The Executive

The power to enforce the law and realize domestic policies is vested constitutionally in the Chief Secretary, who in turn promulgates all laws, takes care that “the domestic policy be realized and the Law be executed faithfully”, and superintends the various Executive Departments established by statute.

The President of the Republic appoints the Chief Secretary “at his pleasure” when there is a vacancy in the latter’s office, but has no power to remove him. In order to be appointed, the Chief Secretary must satisfy a number of qualifications; to wit, he must:

1. Be 30 years old (or 18 years between 2020 and 2030);

2. Have been seven years a resident within the Republic;

3. Be and remain an inhabitant within the State throughout his tenure; and

4. At the time of his appointment, not have served or acted as the President longer than three of the preceding ten years.

By virtue of the office, the Chief Secretary has the power to make decrees, regulations, executive orders, and other instruments necessary to administer the Executive Branch, the law, and the domestic policy. He is the only person other than a sitting legislator who is able to introduce legislation, and may do so in either house of the legislature.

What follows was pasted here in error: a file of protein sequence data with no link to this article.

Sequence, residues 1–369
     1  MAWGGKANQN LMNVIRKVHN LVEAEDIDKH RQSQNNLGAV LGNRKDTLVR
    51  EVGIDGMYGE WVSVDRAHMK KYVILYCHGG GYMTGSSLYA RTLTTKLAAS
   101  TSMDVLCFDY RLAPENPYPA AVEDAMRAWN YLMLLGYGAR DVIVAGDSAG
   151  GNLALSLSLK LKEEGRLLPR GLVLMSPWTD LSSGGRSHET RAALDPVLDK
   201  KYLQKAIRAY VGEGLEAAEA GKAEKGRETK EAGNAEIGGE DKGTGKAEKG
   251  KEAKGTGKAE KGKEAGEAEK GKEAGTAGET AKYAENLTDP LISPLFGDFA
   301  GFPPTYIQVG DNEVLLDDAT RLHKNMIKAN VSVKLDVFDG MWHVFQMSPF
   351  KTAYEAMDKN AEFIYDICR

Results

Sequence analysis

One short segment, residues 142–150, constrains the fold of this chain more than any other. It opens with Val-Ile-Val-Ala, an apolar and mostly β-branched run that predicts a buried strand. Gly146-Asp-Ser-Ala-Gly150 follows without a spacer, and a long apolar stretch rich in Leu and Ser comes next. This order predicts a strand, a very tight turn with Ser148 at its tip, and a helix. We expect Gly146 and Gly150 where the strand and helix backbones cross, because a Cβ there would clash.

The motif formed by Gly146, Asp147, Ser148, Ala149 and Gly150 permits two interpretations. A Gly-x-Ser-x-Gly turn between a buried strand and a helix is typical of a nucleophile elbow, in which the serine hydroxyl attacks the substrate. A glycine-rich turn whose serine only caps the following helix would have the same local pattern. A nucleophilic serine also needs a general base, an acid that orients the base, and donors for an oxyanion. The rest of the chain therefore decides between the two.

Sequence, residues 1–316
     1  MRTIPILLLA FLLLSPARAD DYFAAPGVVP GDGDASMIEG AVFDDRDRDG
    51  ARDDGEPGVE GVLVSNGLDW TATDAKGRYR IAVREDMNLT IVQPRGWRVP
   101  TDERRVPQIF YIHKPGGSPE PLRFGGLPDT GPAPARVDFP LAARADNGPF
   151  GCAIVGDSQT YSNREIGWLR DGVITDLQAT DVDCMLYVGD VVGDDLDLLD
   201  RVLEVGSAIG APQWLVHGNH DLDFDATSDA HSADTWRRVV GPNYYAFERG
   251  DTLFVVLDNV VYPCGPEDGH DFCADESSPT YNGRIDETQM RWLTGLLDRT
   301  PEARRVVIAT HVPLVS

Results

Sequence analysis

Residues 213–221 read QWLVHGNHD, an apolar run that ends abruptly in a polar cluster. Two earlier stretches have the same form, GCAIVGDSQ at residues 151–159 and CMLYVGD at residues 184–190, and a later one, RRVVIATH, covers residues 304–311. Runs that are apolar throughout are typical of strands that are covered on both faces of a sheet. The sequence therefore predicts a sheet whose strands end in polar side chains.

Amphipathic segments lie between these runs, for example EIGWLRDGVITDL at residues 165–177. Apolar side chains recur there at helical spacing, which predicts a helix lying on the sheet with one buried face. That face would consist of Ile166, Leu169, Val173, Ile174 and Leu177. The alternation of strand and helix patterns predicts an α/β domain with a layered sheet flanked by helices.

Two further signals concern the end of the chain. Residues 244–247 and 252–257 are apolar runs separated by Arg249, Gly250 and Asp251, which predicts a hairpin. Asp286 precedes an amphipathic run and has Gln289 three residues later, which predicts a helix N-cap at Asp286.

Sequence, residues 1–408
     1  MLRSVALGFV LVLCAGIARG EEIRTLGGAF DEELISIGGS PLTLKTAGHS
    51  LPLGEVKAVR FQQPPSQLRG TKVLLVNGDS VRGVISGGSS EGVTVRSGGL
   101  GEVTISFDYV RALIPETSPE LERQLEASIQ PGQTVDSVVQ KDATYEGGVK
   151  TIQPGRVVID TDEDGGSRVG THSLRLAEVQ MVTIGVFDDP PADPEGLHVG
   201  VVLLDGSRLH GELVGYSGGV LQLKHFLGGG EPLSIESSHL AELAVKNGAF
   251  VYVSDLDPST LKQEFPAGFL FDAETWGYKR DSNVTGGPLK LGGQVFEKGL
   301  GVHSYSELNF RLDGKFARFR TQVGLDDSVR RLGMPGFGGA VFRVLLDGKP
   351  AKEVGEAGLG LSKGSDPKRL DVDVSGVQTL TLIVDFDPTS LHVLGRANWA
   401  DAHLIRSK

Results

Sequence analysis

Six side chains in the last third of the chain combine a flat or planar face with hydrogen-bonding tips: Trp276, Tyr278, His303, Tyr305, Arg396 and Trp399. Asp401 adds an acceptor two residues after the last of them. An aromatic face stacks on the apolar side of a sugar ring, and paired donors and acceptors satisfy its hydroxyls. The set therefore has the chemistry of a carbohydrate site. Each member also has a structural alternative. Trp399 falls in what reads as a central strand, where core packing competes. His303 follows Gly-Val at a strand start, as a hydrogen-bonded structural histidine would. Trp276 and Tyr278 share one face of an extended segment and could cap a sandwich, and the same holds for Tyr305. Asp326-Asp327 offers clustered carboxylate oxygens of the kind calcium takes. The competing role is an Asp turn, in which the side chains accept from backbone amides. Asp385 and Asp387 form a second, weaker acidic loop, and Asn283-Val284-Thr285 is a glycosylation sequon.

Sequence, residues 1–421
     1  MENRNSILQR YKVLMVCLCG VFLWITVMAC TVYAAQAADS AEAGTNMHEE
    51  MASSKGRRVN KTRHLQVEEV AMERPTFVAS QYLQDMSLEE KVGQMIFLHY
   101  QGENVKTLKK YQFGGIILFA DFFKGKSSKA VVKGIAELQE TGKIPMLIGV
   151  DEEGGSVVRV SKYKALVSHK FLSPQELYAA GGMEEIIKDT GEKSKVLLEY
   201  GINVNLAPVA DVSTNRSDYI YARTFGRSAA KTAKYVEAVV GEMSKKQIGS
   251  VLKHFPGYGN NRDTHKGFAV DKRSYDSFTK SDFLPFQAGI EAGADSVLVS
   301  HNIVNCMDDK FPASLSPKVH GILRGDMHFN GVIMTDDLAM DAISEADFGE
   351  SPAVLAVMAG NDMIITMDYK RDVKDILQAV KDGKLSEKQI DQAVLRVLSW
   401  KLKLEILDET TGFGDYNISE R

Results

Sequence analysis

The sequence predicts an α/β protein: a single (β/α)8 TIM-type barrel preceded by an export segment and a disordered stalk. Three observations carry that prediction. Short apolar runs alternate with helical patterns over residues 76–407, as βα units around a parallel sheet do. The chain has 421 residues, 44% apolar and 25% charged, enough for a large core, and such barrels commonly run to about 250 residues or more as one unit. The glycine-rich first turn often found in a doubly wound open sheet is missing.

Together with the President, the Chief Secretary leads the Council of State as its Vice-Chairman.

The Cabinet

In his capacity as the Head of Government, not unlike the French Prime Minister and his Government, respectively, the Chief Secretary leads a multi-member Executive body called the Cabinet, which is comprised by himself and the chief leaders of each Department.

The Chief Secretary recommends both the appointments and the removals of the other members of the Cabinet — i.e., the Secretaries, Deputy Secretaries, and Under Secretaries of each Department — which the President is obliged to carry out. When making such appointments, the appointees must take their oaths of office by the President in witness of the Chief Secretary.

Together the Cabinet all hold their offices until they lose collectively the confidence of the Chamber of Delegates, or until they choose individually to resign; and, in the case of the Chief Secretary, he must resign whenever a Resolution of No-Confidence is passed by the Delegates, or a Resolution of Confidence fails. Whenever the Chief Secretary resigns, regardless of the cause, the rest of the Cabinet must also resign with him, though they do not leave office until the next Chief Secretary is appointed and installed.

The entirety of the Cabinet (and for that matter the whole of the Government, including the President) may be summoned at any time by legislators and held to account for their overall performance.